Snowbirding 101

A Western Canadian Winter

Vancouver Island—snowbird destination for Canadians

Lynne Benjamin's motorhome at it's spot in Nanaimo, B.C.
Lynne and Fred Benjamin stayed in the warmest spot in Canada for the winter—Vancouver island. — Fred Benjamin photo

Like many RVers, we have spent our winters in a warmer, more amiable environment rather than the snowy, bundle-up city streets of Alberta. We called it “going to where they don’t sell snow shovels.”

Our first trip out was just that—we kept moving until we found a Walmart that did not sell snow shovels.

What happens when the Canadian dollar loses value and USA prices go up accordingly and we cross over into that “senior-senior” category for travel medical Insurance that severely impacts our life savings?
Not being in the upper socio-economic strata and determined not to spend our winter not travelling, we opted to head out to Vancouver Island where our provincial health care plan would cover us. (*Not all provincial plans are the same. Check it out for your province.)


Victoria must be a wonderful place to live but as a visitor, it is a difficult place to find your way around.

A lime green floating house boat.
Fisherman’s Wharf is amazing with all its colourful boats and begging seals — Fred Benjamin photo

Bless the GPS. Mary voiced our last GPS. She did mislead us a few times. Jill is our ever-faithful voice of direction now and she does a wonderful job. We have only experienced one failure and that was because a road had been recently closed off. I am so glad she was with us.

We mostly beach strolled, people watched and ate in wonderful places—we had East Indian food, wonderful seafood and dim sum treats we haven’t had for years.

Vancouver Island in general, and the central part of the east coast of the island in particular, is reputed to be the most weather-friendly area to spend a Canadian winter and became the chosen destination for our good weather expedition.
Certainly not the dry sunshine we had become used to in our usual winter travels, but a reasonable amount of sunshine and a minimal amount of snow. Yes, Virginia, you cannot escape the precipitation but, as they say, “It’s rain—at least you don’t have to shovel it.”

We were not disappointed—It was glorious. So much to see, so much to do!

There were beaches to explore, huge cedar forests to investigate, and an array of quaint stores and restaurants to visit. The multitude of small islands between Vancouver Island and the mainland are home to many artists and eccentric personalities, most of them are willing to share their views and talents with outsiders.

One of the beaches along the Vancouver island coastline.
Walking along the beach was a favourite pastime. — Fred Benjamin photo

Some trees are so big that hobbits could live in them. Other trees are so twisted and stunted they look like broccoli, reaching up from a mass of thick, wet moss. The vivid greens of the moss-covered soil, the ferns that arch up towards the overhanging layers of green vegetation and the impenetrable canopy that blocks out the light can only inspire the imagination.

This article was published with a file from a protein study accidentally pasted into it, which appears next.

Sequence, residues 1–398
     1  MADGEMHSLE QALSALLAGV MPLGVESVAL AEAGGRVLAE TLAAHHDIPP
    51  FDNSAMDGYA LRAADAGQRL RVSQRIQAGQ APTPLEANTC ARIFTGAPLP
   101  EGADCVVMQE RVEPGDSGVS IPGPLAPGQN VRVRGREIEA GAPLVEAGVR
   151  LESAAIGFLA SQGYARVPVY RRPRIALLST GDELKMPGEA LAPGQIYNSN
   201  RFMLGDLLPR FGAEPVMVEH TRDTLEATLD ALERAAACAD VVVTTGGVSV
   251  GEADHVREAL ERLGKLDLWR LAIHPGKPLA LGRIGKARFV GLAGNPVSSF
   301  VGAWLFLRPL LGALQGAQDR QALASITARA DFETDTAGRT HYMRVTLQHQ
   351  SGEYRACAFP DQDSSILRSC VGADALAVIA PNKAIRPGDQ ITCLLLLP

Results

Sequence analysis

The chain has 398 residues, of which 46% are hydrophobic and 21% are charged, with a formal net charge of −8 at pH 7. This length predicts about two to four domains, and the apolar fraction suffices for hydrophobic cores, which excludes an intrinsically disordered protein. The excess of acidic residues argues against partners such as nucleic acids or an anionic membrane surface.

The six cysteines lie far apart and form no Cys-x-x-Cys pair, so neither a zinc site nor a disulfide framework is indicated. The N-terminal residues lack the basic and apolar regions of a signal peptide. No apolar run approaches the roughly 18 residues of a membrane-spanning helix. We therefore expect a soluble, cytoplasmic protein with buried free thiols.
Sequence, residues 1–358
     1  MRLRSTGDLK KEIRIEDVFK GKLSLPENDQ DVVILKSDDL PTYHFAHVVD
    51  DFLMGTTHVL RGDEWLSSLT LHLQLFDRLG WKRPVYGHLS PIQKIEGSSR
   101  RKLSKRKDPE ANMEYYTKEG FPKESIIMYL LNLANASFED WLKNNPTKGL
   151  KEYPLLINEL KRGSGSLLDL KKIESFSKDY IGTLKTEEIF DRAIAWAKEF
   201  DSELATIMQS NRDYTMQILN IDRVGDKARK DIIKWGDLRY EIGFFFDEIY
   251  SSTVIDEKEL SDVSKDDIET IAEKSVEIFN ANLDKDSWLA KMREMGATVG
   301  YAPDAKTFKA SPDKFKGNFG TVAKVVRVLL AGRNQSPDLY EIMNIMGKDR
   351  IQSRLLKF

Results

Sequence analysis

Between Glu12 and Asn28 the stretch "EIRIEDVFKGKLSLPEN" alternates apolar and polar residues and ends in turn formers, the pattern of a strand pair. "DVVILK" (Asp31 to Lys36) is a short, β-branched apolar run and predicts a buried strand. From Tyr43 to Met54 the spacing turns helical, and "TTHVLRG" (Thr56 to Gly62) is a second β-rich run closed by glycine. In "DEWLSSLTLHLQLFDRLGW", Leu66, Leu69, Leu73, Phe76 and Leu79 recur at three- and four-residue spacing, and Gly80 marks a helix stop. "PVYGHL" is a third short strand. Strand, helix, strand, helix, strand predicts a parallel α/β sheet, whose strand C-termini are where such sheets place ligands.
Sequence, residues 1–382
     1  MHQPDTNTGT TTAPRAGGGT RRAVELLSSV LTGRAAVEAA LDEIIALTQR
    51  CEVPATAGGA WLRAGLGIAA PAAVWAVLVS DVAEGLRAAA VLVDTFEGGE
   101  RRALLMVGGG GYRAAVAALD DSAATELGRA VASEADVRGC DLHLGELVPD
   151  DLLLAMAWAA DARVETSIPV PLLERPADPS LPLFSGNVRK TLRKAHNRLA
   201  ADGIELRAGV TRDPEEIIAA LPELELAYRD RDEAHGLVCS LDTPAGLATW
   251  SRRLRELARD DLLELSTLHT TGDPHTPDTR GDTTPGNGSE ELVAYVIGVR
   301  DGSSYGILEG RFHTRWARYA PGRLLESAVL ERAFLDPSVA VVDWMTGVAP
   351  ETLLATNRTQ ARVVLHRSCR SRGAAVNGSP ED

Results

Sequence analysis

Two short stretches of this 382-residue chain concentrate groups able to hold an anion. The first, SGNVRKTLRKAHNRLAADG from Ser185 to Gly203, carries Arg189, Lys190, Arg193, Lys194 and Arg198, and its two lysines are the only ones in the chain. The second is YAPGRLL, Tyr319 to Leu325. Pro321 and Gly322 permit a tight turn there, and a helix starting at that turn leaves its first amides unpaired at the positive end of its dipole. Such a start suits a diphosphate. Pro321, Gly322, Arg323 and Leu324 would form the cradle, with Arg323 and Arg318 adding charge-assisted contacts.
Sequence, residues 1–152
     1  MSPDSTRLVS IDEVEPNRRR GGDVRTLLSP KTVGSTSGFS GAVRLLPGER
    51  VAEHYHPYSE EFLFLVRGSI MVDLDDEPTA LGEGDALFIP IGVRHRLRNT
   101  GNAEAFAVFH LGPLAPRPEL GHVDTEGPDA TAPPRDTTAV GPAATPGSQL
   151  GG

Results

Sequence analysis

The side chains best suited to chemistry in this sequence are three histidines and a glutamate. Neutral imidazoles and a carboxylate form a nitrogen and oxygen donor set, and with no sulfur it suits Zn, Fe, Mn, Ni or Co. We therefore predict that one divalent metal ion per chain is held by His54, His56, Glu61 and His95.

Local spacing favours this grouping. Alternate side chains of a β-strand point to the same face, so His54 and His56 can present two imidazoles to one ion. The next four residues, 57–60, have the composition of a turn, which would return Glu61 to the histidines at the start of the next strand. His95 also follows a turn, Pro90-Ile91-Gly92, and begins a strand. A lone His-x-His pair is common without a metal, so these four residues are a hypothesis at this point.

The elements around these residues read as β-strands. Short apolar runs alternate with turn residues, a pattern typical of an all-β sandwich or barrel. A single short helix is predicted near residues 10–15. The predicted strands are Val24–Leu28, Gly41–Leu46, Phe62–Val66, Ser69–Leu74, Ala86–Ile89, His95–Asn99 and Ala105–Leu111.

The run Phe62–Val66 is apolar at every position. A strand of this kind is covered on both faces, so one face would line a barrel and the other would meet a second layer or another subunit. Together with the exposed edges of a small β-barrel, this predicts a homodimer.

Oceanside Route

There is a lesser travelled road called the Oceanside Route that wanders in and around the many settlements and villages along the shore.

A huge tree in the rain forest near Tolfino, B.C.
Some trees are so big that hobbits could live in them. — Fred Benjamin photo

French Creek is one of those places between Parksville and Qualicum Beach. It is where many of the fishing boats bring in their catch and where you take the walk-on ferry to Lasqueti Island (home to a small population of farmers and artisans).
We wandered down there to see the eagles when the herring were running. One cold and windy day, we checked into Rathtrevor Beach and just happened to see this brave and crazy fellow set up his para-sail and cruise into the icy water.

A para-sail skipping over the ice water at Rathrevor Beach.
One cold and windy day, we checked into Rathtrevor Beach and just happened to see this brave and crazy fellow set up his para-sail and cruise into the icy water. — Fred Benjamin photo

Qualicum Beach

Historically the Salish people had inhabited the Qualicum Beach area for hundreds of years. The word Qualicum means "where the dog (chubb) salmon run" in the Pentlach language. It is considered to be within the traditional territory of the Qualicum First Nation.

Everywhere you look there are special manicured garden spots and invitations to beautify. The downtown is filled with specialty shops of all sizes and descriptions, along with coffee shops in almost every nook and cranny.

Tofino and Ulcuelet

The storms on the West Coast are outstanding and late spring brings an incomparable opportunity to watch the whales migrate from the south to the northern Pacific Ocean.

Wild Pacific Trail

Our last venture on the west side of the Island was the Wild Pacific Trail. Easy-going trails (the kind we like) wander through old growth as they hug the coastline of the Ulcuelet Peninsula.

The Wild Pacific Trail on a misty day.
The Wild Pacific Trail has easy-going trails that wander through old growth as they hug the coastline of the Ulcuelet Peninsula. — Fred Benjamin photo

As the trail's website says—“The Wild Pacific Trail is wide and leisurely with numerous viewpoints to the ocean and guides you in and out of the forest on a constantly interesting route.”

Couldn’t have said it better myself.

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